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The Reshoring Movement and its Impact on U.S. Manufacturing

Published Feb 24, 2021 by A.J. Mistretta


The COVID-19 pandemic has exposed many vulnerabilities for American business, from the critical importance of remote connectivity to the risks of open office design. But for manufacturers and others dependent on the global supply chain, the pandemic brought their exposure into stark focus when parts of the chain broke down last spring. Companies dependent on materials and supplies from China and other nations were left waiting weeks or more for those products in many cases. 

Acknowledging the risk, a number of U.S. companies are looking to “reshore” parts of their own operations and seek out domestic producers for critical supplies. These businesses hope to strengthen their supply chain by reducing its length. 

Experts came together to discuss the reshoring phenomenon and the advantages to businesses looking to supply the federal government in a special Business Beyond Borders presentation this week hosted by the Partnership. The conversation resumes with a Part 2 on Reshoring on March 2. Register here.

Dr. Sanju Patro, Director of TMAC Gulf Coast and Harry Moser, President of Reshoring Initiative, talked about the growing movement toward domestic production. 

The Buy American Act requires that the federal government buy products made in the U.S. from materials mostly supplied domestically. But loopholes and ambiguity surrounding the law often make it easy to circumvent. Patro said a recent executive order from the Biden Administration seeks to close those loopholes and directs federal agencies to review their procurement process. That’s creating renewed incentive for American companies to source and manufacture domestically, which could boost employment. 

“As more and more U.S. companies work to reshore manufacturing, there will be greater demand for skilled labor,” Patro said. 

Moser said the pandemic has brought to light many of the hidden costs of outsourcing. While many companies source and manufacture overseas, they aren’t factoring in the “total cost of ownership,” or the additional costs tied to the supply chain. 

Over the last 20 years, the value of U.S. manufacturing has plateaued due in large part to offshoring. “We are consuming more goods than ever before, but we simply aren’t producing them anymore,” said Moser. 

Moser offered an example many have become familiar with during the pandemic. Disposable masks are largely manufactured overseas and at the beginning of the pandemic, these were in short supply due to the breakdown in the supply chain. According to Moser, if mask making had been done domestically it would have created 180,000 additional manufacturing jobs. 

To watch the full program Business Beyond Borders: COVID-19 Supply Chain Wake-Up Calls for Reshoring Now, Partnership members can log into the membership portal via the link at the top right of the page.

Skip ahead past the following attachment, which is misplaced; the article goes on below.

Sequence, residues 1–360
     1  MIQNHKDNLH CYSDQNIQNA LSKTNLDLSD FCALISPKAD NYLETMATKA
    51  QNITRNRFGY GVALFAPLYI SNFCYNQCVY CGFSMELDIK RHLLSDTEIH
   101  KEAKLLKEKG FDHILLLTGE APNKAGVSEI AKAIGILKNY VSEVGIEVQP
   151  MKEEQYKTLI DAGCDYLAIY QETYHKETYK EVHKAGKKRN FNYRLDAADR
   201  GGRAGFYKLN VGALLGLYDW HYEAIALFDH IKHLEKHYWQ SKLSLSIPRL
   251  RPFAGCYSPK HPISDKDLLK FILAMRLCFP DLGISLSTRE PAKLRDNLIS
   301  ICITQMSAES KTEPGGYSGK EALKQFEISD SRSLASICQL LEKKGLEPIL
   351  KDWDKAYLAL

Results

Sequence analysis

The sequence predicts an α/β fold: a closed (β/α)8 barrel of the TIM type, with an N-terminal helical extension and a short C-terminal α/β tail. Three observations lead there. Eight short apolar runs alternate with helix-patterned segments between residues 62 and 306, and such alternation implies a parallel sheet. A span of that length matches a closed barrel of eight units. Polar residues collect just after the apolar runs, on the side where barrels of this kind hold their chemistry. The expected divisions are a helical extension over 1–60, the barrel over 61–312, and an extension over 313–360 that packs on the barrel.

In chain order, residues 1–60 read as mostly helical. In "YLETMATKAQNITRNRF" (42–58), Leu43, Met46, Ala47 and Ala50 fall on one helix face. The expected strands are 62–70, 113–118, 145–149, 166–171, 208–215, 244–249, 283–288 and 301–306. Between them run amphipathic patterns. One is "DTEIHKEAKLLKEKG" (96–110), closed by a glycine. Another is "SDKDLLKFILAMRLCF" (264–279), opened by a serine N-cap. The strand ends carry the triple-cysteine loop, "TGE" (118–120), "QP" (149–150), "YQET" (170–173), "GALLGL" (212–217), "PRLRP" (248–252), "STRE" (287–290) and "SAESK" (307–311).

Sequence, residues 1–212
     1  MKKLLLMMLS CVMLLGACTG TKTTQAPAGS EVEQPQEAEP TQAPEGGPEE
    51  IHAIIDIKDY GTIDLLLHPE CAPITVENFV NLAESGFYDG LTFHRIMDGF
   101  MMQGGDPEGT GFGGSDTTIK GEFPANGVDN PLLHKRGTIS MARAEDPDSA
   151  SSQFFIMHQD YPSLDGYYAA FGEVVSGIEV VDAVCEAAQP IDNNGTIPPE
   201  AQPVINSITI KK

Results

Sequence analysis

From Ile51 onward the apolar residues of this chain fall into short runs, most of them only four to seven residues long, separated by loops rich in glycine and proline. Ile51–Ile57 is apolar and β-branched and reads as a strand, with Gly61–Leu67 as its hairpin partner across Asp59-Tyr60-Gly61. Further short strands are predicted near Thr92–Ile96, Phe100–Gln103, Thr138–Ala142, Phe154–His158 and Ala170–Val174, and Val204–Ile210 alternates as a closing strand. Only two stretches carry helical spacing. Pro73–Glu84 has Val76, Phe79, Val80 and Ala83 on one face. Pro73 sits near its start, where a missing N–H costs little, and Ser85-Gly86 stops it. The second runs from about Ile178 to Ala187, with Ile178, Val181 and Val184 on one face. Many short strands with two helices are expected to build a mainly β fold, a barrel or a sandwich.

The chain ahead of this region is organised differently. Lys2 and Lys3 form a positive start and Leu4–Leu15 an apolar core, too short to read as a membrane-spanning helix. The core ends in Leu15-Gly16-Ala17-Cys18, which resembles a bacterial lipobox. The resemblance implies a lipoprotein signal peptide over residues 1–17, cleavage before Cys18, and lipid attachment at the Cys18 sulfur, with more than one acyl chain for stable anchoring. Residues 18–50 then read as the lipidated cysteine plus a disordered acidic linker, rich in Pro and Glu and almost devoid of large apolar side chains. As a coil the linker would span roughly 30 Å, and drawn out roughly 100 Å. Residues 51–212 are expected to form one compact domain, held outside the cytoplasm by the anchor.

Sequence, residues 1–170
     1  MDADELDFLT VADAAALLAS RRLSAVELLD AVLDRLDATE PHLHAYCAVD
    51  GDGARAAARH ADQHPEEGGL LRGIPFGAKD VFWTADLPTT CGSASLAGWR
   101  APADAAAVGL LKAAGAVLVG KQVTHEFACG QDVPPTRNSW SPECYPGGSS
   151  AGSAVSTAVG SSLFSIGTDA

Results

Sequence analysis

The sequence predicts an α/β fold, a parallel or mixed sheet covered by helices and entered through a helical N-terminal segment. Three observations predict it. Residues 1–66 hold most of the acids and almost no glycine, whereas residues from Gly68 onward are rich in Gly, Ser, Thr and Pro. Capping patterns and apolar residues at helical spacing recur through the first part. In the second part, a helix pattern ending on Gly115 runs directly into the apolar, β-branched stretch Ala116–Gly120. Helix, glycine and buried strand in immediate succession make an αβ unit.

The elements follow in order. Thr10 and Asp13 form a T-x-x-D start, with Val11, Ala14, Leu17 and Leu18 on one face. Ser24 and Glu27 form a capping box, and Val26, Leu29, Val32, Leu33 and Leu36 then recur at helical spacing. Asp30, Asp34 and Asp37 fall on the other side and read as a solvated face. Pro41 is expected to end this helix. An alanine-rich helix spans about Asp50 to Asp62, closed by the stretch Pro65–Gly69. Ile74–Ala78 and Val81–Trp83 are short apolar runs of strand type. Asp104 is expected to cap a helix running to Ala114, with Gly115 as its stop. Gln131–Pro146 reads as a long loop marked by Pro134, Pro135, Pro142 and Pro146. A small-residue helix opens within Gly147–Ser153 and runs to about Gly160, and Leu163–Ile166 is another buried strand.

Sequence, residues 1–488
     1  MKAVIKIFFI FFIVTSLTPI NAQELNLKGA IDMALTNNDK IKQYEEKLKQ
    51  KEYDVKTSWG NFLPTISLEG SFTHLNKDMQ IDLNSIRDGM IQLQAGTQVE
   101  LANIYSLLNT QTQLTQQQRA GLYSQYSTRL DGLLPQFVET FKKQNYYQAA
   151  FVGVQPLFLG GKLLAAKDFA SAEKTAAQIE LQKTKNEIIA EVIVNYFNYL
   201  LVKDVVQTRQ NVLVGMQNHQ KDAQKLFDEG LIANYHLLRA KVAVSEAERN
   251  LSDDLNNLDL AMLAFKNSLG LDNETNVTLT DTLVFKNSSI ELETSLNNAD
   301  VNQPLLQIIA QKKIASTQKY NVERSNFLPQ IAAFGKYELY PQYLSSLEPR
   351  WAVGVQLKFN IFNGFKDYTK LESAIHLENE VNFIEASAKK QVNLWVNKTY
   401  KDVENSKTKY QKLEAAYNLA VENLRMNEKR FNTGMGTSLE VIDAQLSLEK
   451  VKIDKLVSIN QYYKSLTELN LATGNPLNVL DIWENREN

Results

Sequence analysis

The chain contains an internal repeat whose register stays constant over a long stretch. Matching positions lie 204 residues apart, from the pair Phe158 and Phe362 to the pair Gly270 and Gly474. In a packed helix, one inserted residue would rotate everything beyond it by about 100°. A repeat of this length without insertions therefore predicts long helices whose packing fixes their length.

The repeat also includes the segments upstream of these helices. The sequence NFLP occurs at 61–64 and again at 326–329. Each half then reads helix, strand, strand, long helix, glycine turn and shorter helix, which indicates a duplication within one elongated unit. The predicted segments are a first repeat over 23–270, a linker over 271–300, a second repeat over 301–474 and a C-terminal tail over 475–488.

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Houston Experts Lay Out 9 Key Elements for Safe Return-to-Work Plans

As more Houston companies consider bringing employees back to the workplace, experts say there are a number of critical factors to consider to ensure reopening plans are both safe and legally compliant.  The Greater Houston Partnership hosted Dr. Carl Vartian, Chief Medical Officer of HCA Houston Healthcare Clear Lake, and Tom Wilson, Partner at Vinson & Elkins, for a conversation about best practices for employers. The webinar held on April 15 is part of the Partnership's Restart Houston series. Here are the highlights from the virtual event.  Top 4 Safety Recommendations From Dr. Vartian Enable basic hand hygiene: Employers need to have a way for people to wash their hands. Also, for disinfecting surfaces, Dr. Vartian said using regular detergent and water is all you need, according to the CDC. Create a socially distanced environment: Guidelines on this are still in place and individuals should continue practicing social distancing with others, maintaining six feet where possible.  Process of identification and isolation of sick employees: Evaluate how you screen your employees before they come to work and what procedures you have in place for sick workers. Communicate to employees that they should not be in the workplace if they exhibit any COVID-19 symptoms.   Workplace controls and mitigation: Think about your workplace setup. Can employees continue working remotely? Can you stagger shifts to help mitigate the number of employees in the workplace? Top 5 Best Practices for Workplace Procedures from Tom Wilson Appoint a point person: Assign someone who is ultimately responsible for your return-to-work program. “This needs to be a point person who is overseeing the program itself and is the face of the program. That’s very important,” said Wilson. Conduct a hazard assessment: Do a hazard assessment and mitigate those hazards before you bring employees back. Take a look at your workplace and consider how your employees interact. When does that happen and when does it need to happen?  Mitigation protocol: How do you deal with a situation or element of your workplace that could pose a safety issue? Consider measures such as implementing barriers in between desks or alternating work schedules so there aren't as many employees in the workplace at one time. Inform managers and supervisors of protocols: Inform your managers and supervisors what your return-to-work plan is before you roll it out to all staff. When you want your leaders to communicate or enforce the program and they're uncertain of details, that can cause problems on how to communicate - and enforce - procedures. Establish a clear communication plan: Consider how you roll out the return plan to your employees. Be sure to follow up with employees by calling them. Ask if they have any questions about the plan. This is so that employees know exactly what to expect when they physically return to the workplace.  Implications of the COVID-19 Vaccine in the Workplace Wilson said one of the main legal issues surrounding return-to-work plans is whether an employer can mandate or require employees to be vaccinated before returning to the workplace. He said yes, they can. The question is whether they should.  There may be employees who say they have a health condition that prohibits them from getting vaccinated, which falls under the Americans with Disabilities Act (ADA). Or, you could have employees who say they have a religious prohibition against vaccinations, which falls under religious rights.  "This is not a one-size-fits-all situation," said Wilson. Policies and procedures, he also noted, can vary across different industries. There are, for instance, situations where employees live in close quarters on the jobsite, making social distancing a challenging policy to put in practice.  Wilson also said some employees may resist  getting vaccinated. He suggested employers consider incentives to help and encourage their employees to move ahead with getting a vaccine, such as PTO or other options. "Instead of using the stick, you might use carrots," said Wilson.  To view a recording of this presentation, members can log into the Membership Portal at the top right of this screen. To learn more about membership with the Greater Houston Partnership click here, or contact New resources around vaccines, the reopening of worksites and more can be found on the Partnership’s COVID-19 Resources page.